Nov 23, 2006 – Siem Reap \ Angkor Wat

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Off we go to Explore the Temples of Angkor Wat!

We took a bus up to Angkor Wat – a 6 hour ride. We’re so used to riding in buses that a 6 hour ride was nothing. This one was a bit different though. It was our first bus ride in Cambodia – a place where they actually use the TVs on the buses. It wasn’t a good thing. They played Cambodian kareoke for 6 hours!! If you’ve never heard Cambodian kareoke, consider yourself lucky! To say it’s the sapiest music I’ve ever heard is an understatement – it’s 100 times worse than listening to Celine Dion for 6 hours. On the bright side though, we did get some entertainment value towards the end when the “Western Corner” came on. It culminated with this Cambodian guy crooning to his girl that he “loves her like a mouse loves rice”. At that point the 3 of us couldn’t contain ourselves and we all burst out laughing, although we were the only 3 on the bus to do so. Try as we might, we just couldn’t find the romantic value in such a statement. We were still laughing when we pulled into Siem Reap to throngs of cheering tuktuk drivers. Okay, they weren’t really cheering, they were actually hollering for our attention but it did add to the overall effect of the moment.

We spent 3 days in Angkor Wat. It is truly an impressive site. Temples dating back to the 10th, 11th and 12th century. Angkor Wat itself is a monstrous structure (the largest temple in the world) commissioned by Jayavarman VII – the most industrious king. He had temples dedicated to his mother, father and grandparents. We figured that Jayavarman VII must have had 3 things in abundance – money, power and ego. The most intriguing aspect of Angkor Wat was climbing to the 5 towers that represented the mountains. The blocks for most of the temples were brought from the mountains about 80 kms away by elephants. While Angkor Wat was impressive because of its sheer size, our favourite was Ta Proem – which was the one dedicated to his mother. The temple has been left partially in its overgrown state in which the jungle has taken over and taken down several of the walls. The effect is overwhelming and the pictures don’t come close to doing justice. The temples are slowly being restored with assistance from a number of countries including China, Japan, France and Italy.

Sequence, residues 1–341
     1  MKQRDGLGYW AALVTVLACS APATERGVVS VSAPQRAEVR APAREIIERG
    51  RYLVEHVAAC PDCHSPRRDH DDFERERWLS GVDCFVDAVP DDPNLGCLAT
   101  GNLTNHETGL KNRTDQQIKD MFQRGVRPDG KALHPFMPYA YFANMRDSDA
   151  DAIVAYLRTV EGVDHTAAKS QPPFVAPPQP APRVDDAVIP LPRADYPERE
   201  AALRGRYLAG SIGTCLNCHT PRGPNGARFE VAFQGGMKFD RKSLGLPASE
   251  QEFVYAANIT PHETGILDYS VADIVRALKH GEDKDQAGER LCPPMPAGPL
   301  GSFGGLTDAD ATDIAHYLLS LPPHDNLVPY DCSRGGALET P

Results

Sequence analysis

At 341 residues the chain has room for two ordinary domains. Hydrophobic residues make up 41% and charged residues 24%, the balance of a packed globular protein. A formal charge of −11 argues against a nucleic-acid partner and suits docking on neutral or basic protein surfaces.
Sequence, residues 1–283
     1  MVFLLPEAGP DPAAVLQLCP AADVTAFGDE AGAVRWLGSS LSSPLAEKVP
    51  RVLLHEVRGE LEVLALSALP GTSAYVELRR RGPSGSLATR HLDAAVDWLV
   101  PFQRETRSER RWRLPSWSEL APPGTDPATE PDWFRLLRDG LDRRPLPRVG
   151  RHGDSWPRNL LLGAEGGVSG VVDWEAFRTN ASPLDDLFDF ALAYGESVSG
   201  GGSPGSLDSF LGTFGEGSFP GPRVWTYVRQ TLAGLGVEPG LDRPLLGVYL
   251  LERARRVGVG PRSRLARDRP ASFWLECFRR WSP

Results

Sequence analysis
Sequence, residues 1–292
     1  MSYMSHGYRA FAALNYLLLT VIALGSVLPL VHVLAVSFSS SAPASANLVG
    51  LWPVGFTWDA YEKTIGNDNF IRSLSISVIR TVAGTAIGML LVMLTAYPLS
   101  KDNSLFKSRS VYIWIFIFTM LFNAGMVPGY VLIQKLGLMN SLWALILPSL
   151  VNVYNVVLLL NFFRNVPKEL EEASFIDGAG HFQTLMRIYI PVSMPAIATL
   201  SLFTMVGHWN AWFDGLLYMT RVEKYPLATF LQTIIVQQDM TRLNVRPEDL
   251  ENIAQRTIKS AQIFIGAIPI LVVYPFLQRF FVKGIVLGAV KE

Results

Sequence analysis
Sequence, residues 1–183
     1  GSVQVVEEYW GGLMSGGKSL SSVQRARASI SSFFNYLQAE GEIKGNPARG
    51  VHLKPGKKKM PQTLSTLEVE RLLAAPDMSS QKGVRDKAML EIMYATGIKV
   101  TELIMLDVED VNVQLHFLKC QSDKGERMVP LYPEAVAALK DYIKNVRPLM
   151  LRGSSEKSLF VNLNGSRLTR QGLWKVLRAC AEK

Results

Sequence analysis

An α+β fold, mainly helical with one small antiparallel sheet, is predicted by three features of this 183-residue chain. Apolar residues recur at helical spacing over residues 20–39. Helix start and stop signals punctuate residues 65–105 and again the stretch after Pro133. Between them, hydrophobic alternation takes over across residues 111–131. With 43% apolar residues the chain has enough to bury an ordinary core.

There were a lot of kids selling postcards, books and bracelets. Their gimmick was to ask where the tourist was from and then name the capital of the country. Mary got suckered in by one cute little girl and ended up buying a few bracelets to add to her collection.

Overall it was a great experience – a lot because we were there with Jenny and Tom and despite the fact that the temps were in the low to mid 40s each day! By the time we left Torin was suffering from heat stroke and Mary was well beyond her heat tolerance level. By the 27th we were all ready to leave and the 5 of us headed for the beaches of Sihanoukville (via Phenom Penh).